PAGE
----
4.5 Stars 'Dark Halo' is the thrilling final installment in the Angel Eyes trilogy that continues as Brielle tries to accept that Jake is gone - taken by the demon Damien. Brielle is constantly aware of the Celestial Realm - she can see it all the time now, without the halo. She's afraid of all the carnage and war she sees above her town of Stratus and wishes that she could find relief from the sight she was given. Then Brielle receives a message from the Throne Room telling her where to find Jake - only to realize too late that it was a trap. Now the Prince of Darkness himself is offering her a halo of his own - one that will free her from her Celestial sight forever. He also promises that along with severing her sight, she will get a life with Jake. Brielle's mind is confused, but her heart knows that the only way to really live and get Jake back is to fight - with her eyes wide open. Will she have the courage to do it or will she give in to the promises of the Prince of Darkness and his dark halo? This was an exciting and phenomenal final installment in a truly fascinating YA fantasy trilogy. The writing continued to flow effortlessly and at a fast pace. Brielle continues to be an awesome lead character - she's still broken and flawed - and she knows this - but she refuses to give up, even when she feels like she can't bear it anymore. She always does what needs to be done - what must be done - and she gives everything she has for what she believes is right. The other characters in the series seem almost as background characters to highlight the depth of Brielle's character. I loved the relationship that has developed between Brielle and Jake and I was eagerly waiting to see what would happen with them. Would she be able to bring him back or would she lose him forever? The action and adventure in the book were astounding and I continued to root for Brielle, Jake, and the Shields in all of their struggles and obstacles. I continued to love learning as much as I could about the Celestial world and the beings that seem to almost co-mingle with human reality. I found that aspect of the novels to be utterly fascinating and I feel it adds a great layer to the already interesting novels. The writing itself has a great pace - not too slow and not so fast that it feels like things are rushed either. The descriptions and details are vivid and I could easily picture myself alongside Brielle and the others throughout the book. The story was a great blend of action, fantasy, adventure and romance along with some religious aspects thrown in (but they weren't "preachy" at all). This was a wonderful final installment that will leave fans of the trilogy happy to have endings, but also sad that the adventure is over. Highly recommended for fans of YA fantasy and action/adventure fiction. Disclosure: I received a copy of the book in exchange for an honest review.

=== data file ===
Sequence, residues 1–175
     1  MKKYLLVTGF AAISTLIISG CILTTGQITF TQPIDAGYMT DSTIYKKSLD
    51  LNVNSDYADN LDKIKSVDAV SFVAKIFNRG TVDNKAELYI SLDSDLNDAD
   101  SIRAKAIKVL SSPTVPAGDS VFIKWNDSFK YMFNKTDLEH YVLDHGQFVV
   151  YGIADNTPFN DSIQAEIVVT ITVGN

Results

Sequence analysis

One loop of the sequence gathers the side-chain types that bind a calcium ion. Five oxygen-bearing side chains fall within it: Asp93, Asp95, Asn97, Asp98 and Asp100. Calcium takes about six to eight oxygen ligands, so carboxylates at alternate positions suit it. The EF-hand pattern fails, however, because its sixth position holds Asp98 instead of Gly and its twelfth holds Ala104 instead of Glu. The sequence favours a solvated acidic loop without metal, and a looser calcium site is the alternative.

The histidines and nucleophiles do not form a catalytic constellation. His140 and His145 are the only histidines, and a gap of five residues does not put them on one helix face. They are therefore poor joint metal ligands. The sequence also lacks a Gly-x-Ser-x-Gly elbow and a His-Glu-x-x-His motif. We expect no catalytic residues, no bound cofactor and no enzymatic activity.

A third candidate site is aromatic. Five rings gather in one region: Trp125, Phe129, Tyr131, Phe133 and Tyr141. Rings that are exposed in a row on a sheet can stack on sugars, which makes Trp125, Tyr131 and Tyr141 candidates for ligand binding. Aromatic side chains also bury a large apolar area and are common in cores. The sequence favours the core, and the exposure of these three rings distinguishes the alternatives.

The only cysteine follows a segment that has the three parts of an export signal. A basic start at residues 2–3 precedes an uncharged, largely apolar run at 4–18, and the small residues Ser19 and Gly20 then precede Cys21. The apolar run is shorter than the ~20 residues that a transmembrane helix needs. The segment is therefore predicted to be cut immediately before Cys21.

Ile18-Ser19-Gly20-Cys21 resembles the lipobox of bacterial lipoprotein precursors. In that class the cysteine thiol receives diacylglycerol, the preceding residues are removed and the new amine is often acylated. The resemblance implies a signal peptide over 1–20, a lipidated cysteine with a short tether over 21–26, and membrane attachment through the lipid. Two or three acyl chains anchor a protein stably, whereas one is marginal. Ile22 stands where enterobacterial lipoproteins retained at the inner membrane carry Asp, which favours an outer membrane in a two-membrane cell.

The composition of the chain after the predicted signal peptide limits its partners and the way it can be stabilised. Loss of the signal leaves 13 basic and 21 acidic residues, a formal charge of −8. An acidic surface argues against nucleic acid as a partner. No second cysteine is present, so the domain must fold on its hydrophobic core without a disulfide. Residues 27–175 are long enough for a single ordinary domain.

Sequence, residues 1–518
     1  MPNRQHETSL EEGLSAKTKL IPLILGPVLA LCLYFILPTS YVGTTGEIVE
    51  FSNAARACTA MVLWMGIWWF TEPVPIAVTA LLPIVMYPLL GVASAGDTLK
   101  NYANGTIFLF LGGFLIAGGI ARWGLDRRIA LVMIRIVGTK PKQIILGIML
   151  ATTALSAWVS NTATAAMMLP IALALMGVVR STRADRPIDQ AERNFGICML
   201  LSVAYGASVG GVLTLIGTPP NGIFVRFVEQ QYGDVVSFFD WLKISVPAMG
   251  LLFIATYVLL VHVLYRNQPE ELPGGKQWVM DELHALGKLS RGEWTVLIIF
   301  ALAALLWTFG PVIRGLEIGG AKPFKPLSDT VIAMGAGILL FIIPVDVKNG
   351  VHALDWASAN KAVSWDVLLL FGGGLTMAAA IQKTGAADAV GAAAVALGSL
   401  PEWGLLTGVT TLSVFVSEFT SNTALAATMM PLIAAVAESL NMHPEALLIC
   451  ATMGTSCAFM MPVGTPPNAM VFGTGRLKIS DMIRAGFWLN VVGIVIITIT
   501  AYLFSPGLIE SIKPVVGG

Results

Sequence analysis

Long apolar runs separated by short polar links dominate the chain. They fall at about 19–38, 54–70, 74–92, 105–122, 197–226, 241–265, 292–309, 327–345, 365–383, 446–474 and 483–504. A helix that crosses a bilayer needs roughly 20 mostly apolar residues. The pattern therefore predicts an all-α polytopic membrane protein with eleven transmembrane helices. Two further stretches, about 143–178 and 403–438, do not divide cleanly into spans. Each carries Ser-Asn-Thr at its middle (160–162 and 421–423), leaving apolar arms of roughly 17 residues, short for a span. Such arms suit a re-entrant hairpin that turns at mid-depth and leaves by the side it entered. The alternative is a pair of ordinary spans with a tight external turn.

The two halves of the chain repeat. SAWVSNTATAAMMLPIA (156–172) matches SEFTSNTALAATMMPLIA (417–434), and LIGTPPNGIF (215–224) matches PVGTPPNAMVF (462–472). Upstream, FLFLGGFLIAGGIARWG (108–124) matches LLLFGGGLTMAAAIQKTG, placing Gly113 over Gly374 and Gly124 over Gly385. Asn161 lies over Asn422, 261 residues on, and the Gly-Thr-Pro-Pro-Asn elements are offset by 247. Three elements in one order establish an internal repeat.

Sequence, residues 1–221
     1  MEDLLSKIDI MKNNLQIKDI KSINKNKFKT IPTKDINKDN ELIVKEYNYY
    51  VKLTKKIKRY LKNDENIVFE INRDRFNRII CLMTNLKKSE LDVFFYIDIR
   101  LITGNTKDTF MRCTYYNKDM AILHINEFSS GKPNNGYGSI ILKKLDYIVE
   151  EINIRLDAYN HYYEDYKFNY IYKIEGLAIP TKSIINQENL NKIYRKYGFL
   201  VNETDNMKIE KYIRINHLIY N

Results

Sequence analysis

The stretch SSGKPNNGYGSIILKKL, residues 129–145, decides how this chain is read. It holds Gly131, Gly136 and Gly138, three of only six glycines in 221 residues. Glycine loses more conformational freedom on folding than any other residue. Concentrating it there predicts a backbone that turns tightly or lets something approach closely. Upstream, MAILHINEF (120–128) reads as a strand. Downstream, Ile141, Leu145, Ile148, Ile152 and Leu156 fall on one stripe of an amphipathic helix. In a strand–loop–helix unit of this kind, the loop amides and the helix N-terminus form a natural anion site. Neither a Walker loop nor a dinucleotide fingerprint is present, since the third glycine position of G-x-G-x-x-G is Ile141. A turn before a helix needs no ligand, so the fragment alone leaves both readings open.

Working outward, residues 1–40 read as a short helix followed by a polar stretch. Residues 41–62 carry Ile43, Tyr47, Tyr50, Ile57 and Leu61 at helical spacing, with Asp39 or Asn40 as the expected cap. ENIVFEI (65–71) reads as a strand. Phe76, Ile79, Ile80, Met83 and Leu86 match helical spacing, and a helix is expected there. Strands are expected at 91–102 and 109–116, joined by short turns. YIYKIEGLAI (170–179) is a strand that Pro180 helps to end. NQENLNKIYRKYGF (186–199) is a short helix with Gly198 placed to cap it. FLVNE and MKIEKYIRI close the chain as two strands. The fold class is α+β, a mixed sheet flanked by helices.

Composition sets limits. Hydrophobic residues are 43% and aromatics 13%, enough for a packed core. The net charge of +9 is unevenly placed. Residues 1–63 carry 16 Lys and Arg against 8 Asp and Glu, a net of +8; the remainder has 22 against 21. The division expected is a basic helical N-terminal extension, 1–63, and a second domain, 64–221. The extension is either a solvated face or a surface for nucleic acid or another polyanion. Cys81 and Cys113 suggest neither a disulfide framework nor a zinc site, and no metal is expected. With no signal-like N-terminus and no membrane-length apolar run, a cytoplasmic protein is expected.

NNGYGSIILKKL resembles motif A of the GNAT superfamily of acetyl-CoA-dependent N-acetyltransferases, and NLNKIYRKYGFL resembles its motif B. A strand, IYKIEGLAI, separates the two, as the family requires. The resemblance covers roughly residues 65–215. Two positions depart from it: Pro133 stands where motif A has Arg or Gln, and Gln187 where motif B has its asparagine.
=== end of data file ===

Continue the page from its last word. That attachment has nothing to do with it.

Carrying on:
AshleyRedbird More than 1 year ago
When I finished reading Broken Wings, I was very anxious for Dark Halo to come out. It was one heck of a cliff hanger, and I just needed to know what was going to happen to Jake, along with everyone else. It was a little while for me to wait for the next installment of the Angel Eyes trilogy, but I was very happy when I finally got Dark Halo and found out that no time away from this series could make me forget anything that had happen in the previous books. This is a story that sticks with you. This is the final installment in the Angel Eyes Trilogy, and a lot of things com to a head in this book. There was so much packed into this series, but it didn't feel too packed, everything was addressed and answered one way or another. This book had A LOT of information in it. But it answered all of my questions, and I felt very fulfilled when I finished this book. By this time, Brielle, is at her wits end. She is trying to stay strong, to keep praying but everything that has happened is really wearing at her resolve. At the end of Broken Wings, Jake is taken from her. Not just her, but from Cannen as well. I for sure thought this would utterly destroy her, so when I started reading Dark Halo, I was happy that it didn't completely destroy her, but I can see how this all falls into Satan's hands. It feels like everything and everyone comes together in this book. Especially for Jake and what he finds out about Ali. I won't spoil it for anyone, but it is awesome. Small world comes to mind for sure. My favorite line from this book is from Brielle, "I just...I'm going to go talk to Satan." Just so matter of fact, like it is just a normal day thing. This was a fantastic end to such a beautiful and moving trilogy. It us paranormal, but it is also very real, and faith wielding. It made me believe even more, and I just loved every minute of it!!
Ashley_BOTB More than 1 year ago